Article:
presented by Red Line Productions

Old Fitzroy Theatre  til 31st Jan


The Mercy Seat

30 Jun

Two mean spirited people with American accents remain in a room and argue about their relationship for 100 mins (including a 15 minute interval).

For many people, this would be the archetypal modern play. Which is why they stay at home.

But, in this case, context is all.  Our couple are arguing about their future while the rest of America, and much of the world, is in shock.

It is New York. It is September 12, 2001.

What to many was an unfathomable tragedy is to our couple an opportunity. They’re having an affair. He is married with children. Perhaps yesterday morning he was in one of the towers when the planes struck, instead of at his mistress’ place having his penis sucked. Is it their chance to just disappear and start again?

photo by Katy Green Loughrey

photo by Katy Green Loughrey

This production of Neil LaBute’s play is both funny and confronting. The performances by Rebecca Martin and Patrick Magee are powerful and intriguing.

Are we meant to take the characters as real people? Is this play gritty naturalism? If it is, it’s a vision of humanity so bleak that it approaches the immoral. (There’s a school of theatre that equates negativity with truthfulness. It’s the philosophy of those who wish to grant themselves moral holidays. If it’s just human nature to act dreadfully, how can my behaviour be at fault?)

The challenge of this play is the context. Presumably none of us have been in the situation represented.

Or have we?

Many of us are tempted to think the world is screwed, that it’s a chaotic mess, and that we’re all going to hell in a hand cart. I call it a temptation because it allows us to believe that it’s justifiable to be entirely self seeking. After all, in extremis, the call goes out “Every man for himself”.

The Mercy Seat is an intelligent and thought provoking production, a timely reminder that we must not use the magnitude of our society’s problems as an excuse to grant ourselves moral holidays.

Veronica Kaye


The Mercy Seat by Neil LaBute

Old Fitzroy Theatre til 5 July


Scenes from an Execution

19 May

Few people write dialogue better than Howard Barker; it’s funny, vibrant and explosive. And Barker’s Scenes from an Execution is a brilliant play.

It explores the relationship between the artist and society.

Galactia has been commissioned by the State to paint the Battle of Lepanto. She does, and the State is not happy. Galactia portrays war as something dreadful. The State wants it viewed as something glorious.

The play is set in Renaissance Venice. But, of course, it’s not. This is not a piece of historical realism. Barker’s characters could be here and now.

Photo by Katy Green Loughrey

Photo by Katy Green Loughrey

And director Richard Hilliar’s production is wonderful. His cast does terrific work. Lucy Miller as Galactia is magnificent; passionate, determined, and joyfully articulate. Carpeta is her lover. He’s another (competing) painter. Jeremy Waters delivers a beautifully pitched portrayal of cowardice that can’t help love its superior. And Mark Lee’s Urgentino, the Doge of Venice, is comic brilliance.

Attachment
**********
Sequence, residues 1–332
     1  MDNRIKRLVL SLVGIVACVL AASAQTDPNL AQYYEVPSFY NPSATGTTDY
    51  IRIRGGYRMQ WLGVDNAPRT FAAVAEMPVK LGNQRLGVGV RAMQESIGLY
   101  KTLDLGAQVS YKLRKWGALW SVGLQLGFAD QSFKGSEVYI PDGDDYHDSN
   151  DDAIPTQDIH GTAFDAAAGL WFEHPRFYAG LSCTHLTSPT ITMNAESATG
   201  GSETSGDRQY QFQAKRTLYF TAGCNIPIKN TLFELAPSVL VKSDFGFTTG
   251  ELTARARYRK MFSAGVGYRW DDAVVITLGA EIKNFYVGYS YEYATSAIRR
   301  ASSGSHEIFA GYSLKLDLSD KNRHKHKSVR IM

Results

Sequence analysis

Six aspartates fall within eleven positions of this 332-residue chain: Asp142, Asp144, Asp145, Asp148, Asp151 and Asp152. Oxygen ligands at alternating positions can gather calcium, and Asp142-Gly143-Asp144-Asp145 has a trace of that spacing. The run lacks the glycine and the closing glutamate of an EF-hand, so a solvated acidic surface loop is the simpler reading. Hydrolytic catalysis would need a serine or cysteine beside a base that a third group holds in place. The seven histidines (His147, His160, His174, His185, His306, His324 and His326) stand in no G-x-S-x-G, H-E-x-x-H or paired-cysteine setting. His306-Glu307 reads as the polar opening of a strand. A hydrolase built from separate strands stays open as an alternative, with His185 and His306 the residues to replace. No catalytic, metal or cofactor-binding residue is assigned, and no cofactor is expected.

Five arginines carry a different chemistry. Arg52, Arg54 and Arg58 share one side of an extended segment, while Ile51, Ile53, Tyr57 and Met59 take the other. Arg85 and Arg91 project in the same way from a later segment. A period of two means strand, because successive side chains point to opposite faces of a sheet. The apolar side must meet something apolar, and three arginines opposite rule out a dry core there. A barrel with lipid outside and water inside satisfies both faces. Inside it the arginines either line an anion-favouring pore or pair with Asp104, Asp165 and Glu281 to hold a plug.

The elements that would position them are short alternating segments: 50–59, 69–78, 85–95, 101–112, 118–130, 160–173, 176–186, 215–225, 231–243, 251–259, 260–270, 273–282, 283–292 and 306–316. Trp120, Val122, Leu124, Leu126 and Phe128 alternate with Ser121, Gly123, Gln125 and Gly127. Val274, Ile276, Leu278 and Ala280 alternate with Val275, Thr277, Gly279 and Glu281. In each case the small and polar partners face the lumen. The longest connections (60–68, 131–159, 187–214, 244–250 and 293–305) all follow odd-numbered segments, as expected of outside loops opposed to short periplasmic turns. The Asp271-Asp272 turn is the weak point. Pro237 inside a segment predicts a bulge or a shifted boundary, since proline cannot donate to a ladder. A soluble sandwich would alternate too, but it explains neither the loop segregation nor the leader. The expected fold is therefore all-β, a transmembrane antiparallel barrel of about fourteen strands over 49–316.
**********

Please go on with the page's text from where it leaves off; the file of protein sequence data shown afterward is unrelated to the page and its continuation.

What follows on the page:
This is very rich theatre. Barker shares a swag of stimulating ideas. A particularly fascinating one involves the way society tames even the greatest art (but I’m not sure I can explore this one without a spoiler.)

So let me focus on just a single idea: the way society tries to control what art says.

In Galactia’s world, it’s the Church and the State who are the obvious powers. I began this response by suggesting it would be a mistake to assume this play is historical, to assume its message is that only in the dark past did we treat artists poorly.

This play demands we ask ourselves NOW what forces determine what art is allowed to say.

Our current patrons are the state, critics and the audience. What do they demand art say?

Let me offer the following list of absurd generalizations:

  1. Australian theatre must not question the extraordinary privileges that most of us enjoy in comparison to the majority of the world’s population.
  2. Australian theatre must not present characters that are intelligent, powerful political agents, as this would imply it might also be true of its audience (which would challenge the complacent acceptance of demand 1.)
  3. Australian theatre must be ‘professional’. That is, regardless of what the art says (not excepting demands 1 and 2) the focus of discussion must always be on the virtuosity of the production. This demand perpetuates a bourgeois emphasis on career, reduces art to a commercial product, and encourages the competition necessary for a capitalist society.

See this play. It’s very, very good. And come up with your own list.

Veronica Kaye


Scenes from an Execution by Howard Barker

Old Fitzroy Theatre til 31st May


Everything I Know I Learnt From Madonna

21 Feb

It’s an unlikely claim.

Wayne Tunks shares with us some of his family history and a lot of his love life.

Spliced into his monologue are Madonna lyrics (which made me aware of how few of her songs I know.)